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TagVenus Flytrap

Sensitive plant or mimosa pudica plant.

How Plants Talk When We’re Not Around

Some aspects of plant behavior can be studied in the same terms as animal or human behavior

One genuine surprise in recent decades has been the discovery that plants have nervous systems like animals and use some of the same compounds in communications — for example, TMAO to relieve stress and glutamate to speed transmission. Biologist Peter Rogers pointed out recently that the similarities may shed a bit of light on issues around anaesthesia. Surprisingly, it is possible to anesthetize a plant. The shameplant (Mimosa pudica) and the Venus flytrap demonstrated that: Thirty years after anesthesia debuted in the operating room, Claude Bernard, a French physiologist, demonstrated that the shameplant (Mimosa pudica), which bashfully folds into itself when touched, was unresponsive to touch after exposure to ether, a commonly used anesthetic. The plant also folds into itself…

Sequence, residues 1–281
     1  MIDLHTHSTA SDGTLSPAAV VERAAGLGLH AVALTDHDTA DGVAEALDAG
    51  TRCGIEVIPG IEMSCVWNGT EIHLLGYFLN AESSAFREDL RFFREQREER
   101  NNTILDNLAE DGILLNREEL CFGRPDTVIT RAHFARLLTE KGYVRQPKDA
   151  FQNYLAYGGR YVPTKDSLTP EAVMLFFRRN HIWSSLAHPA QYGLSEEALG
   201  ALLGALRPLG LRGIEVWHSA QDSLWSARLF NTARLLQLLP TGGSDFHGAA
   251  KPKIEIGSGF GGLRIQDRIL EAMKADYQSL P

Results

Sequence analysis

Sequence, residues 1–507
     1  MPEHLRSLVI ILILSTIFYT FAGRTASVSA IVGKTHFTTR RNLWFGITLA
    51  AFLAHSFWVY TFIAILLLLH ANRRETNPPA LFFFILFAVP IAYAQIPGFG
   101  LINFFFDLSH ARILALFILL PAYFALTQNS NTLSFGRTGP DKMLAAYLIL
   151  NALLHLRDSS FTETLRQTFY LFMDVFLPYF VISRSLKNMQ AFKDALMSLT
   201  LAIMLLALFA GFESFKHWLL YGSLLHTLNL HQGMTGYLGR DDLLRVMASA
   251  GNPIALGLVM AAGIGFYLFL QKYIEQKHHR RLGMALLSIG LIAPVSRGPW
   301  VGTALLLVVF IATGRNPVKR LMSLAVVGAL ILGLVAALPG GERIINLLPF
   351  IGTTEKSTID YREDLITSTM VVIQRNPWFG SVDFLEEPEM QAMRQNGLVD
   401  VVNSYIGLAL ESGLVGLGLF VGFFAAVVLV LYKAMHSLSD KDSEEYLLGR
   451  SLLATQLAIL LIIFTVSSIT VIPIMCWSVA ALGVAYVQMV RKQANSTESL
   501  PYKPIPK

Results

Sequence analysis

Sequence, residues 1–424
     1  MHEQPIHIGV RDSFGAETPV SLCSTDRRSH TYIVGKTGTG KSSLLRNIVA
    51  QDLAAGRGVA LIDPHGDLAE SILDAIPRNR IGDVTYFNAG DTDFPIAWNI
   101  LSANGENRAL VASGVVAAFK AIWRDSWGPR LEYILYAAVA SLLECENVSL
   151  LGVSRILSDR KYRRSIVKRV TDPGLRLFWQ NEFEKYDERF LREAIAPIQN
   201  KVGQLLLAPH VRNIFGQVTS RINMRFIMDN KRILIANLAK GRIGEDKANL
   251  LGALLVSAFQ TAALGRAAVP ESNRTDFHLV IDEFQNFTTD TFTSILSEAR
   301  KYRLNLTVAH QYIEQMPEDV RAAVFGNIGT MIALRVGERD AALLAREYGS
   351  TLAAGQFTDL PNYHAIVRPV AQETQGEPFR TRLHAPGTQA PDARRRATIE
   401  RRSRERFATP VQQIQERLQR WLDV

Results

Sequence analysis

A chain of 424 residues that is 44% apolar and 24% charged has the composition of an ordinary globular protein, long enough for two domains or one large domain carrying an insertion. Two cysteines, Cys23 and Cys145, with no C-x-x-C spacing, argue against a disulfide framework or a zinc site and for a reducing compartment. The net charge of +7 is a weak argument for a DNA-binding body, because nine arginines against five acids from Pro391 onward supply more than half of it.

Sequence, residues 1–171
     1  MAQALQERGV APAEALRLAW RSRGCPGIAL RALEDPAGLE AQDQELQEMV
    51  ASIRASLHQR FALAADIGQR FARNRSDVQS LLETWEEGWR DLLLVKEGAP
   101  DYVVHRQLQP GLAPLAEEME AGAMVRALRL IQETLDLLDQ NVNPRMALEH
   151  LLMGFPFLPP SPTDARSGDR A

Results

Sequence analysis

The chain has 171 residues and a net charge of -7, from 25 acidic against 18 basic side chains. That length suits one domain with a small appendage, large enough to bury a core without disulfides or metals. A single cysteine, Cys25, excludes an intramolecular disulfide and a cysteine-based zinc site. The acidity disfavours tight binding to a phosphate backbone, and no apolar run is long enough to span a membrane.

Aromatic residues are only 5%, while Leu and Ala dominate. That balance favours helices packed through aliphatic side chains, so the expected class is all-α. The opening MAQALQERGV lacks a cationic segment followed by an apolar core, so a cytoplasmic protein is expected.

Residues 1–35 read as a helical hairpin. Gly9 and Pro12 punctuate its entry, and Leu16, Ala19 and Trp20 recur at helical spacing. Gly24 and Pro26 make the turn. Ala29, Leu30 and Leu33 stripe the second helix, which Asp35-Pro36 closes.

one common green bottle fly being eaten by a venus flytrap flower

How Plants Can Count and Remember With No Brain

Plants like the Venus Flytrap can time things by the chemicals circulating in their systems

How can a plant remember anything, we might wonder? One way is that it may have specific chemicals circulating in its system. Calcium, according to a recent discovery, turns out to be the element that prompts Venus flytraps to shut their traps on insects—but only on the second try: A Venus flytrap’s short-term “memory” can last about 30 seconds. If an insect taps the plant’s sensitive hairs only once, the trap remains still. But if the insect taps again within about half a minute, the carnivorous plant’s leaves snap shut, ensnaring its prey. Curtis Segarra, “How Venus flytraps store short-term ‘memories’ of prey” at ScienceNews The Venus’s trap is more complex than a mousetrap because the plant can’t just clamp…